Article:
In this cold and bleak winter, citrus is a great way to brighten up dinnertime with in-season produce while giving your immune system a boost.
Citrus fruits are most known for containing the antioxidant Vitamin C, which supports proper immune function. According to the Academy of Nutrition and Dietetics, evidence suggests that for some people, high doses of Vitamin C might actually shorten a cold by as much as one to 1 1/2 days. In addition, Vitamin C fights free radicals to prevent or delay certain cancers and heart disease. It is essential for the growth and repair of bodily tissues, helps heal wounds and repairs and maintains healthy cartilage, bones, teeth and skin. Vitamin C also helps your body absorb iron from plant-based sources such as quinoa, beans and spinach.
There are more ways to enjoy citrus than simply pouring a glass of bottled OJ in the morning.
Juicing: According to the National Institutes of Health, fresh-squeezed orange juice is better for you than store-bought orange juice because it contains more active Vitamin C.
Fresh segments: Citrus segments can be added to fruit salad (or any salad) or used to top chicken or fish.
Zesting: The skin of citrus fruit is perfect for zesting to add pungent aroma to your baked goods, dry-spice rubs, tomato sauces, soups or salads. Citrus zest also makes for a beautiful and aromatic garnish.
The accompanying recipe uses the fresh juice of tangerines to poach lean chicken. Juicy minneola tangelos or Valencia oranges would also work well. Poaching is a low-fat, low-sodium cooking method for lean proteins that have a tendency to dry out. It offers a healthful alternative to frying. No oil or fat is required, and the result is succulent, tender and flavor-infused meat. In this dish, the chicken is enhanced by a sweet clementine-pomegranate relish.
The relish features two foods that offer endless nutritional benefits: clementines and pomegranates. Clementines are a type of mandarin orange, a group that encompasses a wide variety of sweet citrus fruit including satsuma, clementine and tangerine. In the United States, tangerines are the most common variety of mandarin oranges. All mandarin oranges are bright-skinned and easy to peel. Their inner segments are easily separated, making them a convenient, portable, low-mess and refreshing healthful snack. They’re also an excellent source of Vitamin C and a good source of Vitamin A. Look for oranges that are heavy for their size. They can be stored in a cool, dark place for a few days or refrigerated for up to two weeks.
Pomegranates add nutritious beauty to many recipes. In this recipe, the pomegranate seeds are tossed in the relish. You can enjoy pomegranate seeds by themselves or mix them in salads for a boost of potent antioxidants and phytochemicals that protect your heart, brain and body. Or try sprinkling them on entrees, cereal, pudding or yogurt. They are high in fiber and vitamins C and K, and they’re a good source of potassium, folate and copper. According to the National Cancer Institute, research suggests pomegranates have beneficial effects on oral health and cardiovascular disease, and they might even help with fighting cancer cells. It is not known whether the juice of the pomegranate has these same effects, so go for the seeds. Each seed contains an edible capsule that provides Vitamin B6, Vitamin C and potassium. Whole pomegranates can be stored at room temperature for several days or for two to three months in the refrigerator.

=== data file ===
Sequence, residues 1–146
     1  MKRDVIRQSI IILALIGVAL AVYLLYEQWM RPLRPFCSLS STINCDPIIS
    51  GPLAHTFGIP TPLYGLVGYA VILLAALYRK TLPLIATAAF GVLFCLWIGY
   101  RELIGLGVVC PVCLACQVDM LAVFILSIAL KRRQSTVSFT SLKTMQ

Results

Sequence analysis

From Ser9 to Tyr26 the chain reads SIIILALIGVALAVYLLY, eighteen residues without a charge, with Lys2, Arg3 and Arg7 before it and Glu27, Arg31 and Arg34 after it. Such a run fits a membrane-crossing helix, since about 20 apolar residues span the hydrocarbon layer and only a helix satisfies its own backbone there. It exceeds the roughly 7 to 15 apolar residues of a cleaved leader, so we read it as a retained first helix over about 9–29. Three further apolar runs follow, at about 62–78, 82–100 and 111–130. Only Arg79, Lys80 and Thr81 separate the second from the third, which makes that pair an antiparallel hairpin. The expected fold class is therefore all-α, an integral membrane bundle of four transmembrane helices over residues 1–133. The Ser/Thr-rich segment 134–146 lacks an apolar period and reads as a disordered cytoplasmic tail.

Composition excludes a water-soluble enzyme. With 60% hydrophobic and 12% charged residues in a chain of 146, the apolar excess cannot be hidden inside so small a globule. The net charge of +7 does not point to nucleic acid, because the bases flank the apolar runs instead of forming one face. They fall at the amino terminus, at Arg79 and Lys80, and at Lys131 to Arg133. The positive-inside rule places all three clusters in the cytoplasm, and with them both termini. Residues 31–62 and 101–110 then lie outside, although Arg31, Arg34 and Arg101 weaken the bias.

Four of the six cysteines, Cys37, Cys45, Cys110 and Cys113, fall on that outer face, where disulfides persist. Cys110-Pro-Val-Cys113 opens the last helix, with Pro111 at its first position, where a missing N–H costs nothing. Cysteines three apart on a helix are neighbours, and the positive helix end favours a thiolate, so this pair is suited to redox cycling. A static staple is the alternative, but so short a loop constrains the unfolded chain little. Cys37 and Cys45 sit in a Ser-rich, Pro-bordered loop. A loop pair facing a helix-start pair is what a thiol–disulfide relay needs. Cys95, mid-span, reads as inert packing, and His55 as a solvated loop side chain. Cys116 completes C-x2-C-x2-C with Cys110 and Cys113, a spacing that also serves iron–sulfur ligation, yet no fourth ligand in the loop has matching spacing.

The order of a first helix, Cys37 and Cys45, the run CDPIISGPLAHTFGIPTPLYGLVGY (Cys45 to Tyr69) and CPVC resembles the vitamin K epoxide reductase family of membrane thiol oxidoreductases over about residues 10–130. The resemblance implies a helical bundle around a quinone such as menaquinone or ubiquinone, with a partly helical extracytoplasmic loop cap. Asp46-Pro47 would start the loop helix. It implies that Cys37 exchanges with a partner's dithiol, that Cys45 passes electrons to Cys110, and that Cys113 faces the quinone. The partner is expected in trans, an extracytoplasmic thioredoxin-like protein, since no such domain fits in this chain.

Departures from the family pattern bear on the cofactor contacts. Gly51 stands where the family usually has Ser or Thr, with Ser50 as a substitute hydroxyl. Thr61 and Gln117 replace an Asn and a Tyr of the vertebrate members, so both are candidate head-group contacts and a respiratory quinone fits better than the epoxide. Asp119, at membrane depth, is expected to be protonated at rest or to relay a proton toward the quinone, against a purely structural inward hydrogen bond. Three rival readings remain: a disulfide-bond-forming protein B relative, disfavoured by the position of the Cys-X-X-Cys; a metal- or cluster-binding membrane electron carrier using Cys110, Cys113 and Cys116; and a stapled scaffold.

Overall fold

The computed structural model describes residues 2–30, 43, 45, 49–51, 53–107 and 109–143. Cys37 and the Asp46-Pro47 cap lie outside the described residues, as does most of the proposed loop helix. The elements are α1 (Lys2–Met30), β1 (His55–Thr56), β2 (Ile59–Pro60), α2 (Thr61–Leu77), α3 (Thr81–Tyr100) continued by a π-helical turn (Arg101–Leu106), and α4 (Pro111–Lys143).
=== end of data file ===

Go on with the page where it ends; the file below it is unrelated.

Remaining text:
TANGERINE POACHED CHICKEN WITH CLEMENTINE-POMEGRANATE RELISH
In this recipe, the chicken is infused with winter citrus flavor that is enhanced by the sweet clementine-pomegranate relish — a great way to incorporate more fruit into your diet.
MAKE AHEAD: The relish can be assembled several hours in advance and refrigerated; add the avocado just before serving. The chicken can be refrigerated for 1 to 2 days; reheat in the microwave on LOW, or serve cold atop a salad.
For the relish:
For the chicken:
For the relish: Peel the clementines and separate their segments. Cut each segment into 3 equal pieces, transferring them to a mixing bowl as you work. Add the salt, pepper, garlic, scallions, shallot, avocado, pomegranate seeds, pomegranate juice and agave nectar; mix well.
For the chicken: Combine the juice and zest in a mixing bowl. Whisk in the agave nectar, shallot, garlic, salt and pepper until well blended, then pour into a large saute pan. Bring to a boil over medium-high heat, then add the chicken and turn to coat. Reduce the heat to medium-low or low; cover and cook for 10 minutes.
Check one of the tenderloins for doneness by cutting it in half to make sure it’s cooked all the way through. If it isn’t, remove the saute pan from the heat and cover to rest for 5 minutes.
Divide the chicken among individual plates. Spoon relish over each portion. Serve warm.
Nutrition Per serving: 270 calories, 41 g protein, 21 g carbohydrates, 3 g fat, 1 g saturated fat, 100 mg cholesterol, 250 mg sodium, 3 g dietary fiber, 14 g sugar
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Gordon, a master of public health professional and a master certified health education specialist, is the creator of the healthful recipe siteEatingbyElaine.com. Find her on Twitter at@EatingbyElaine.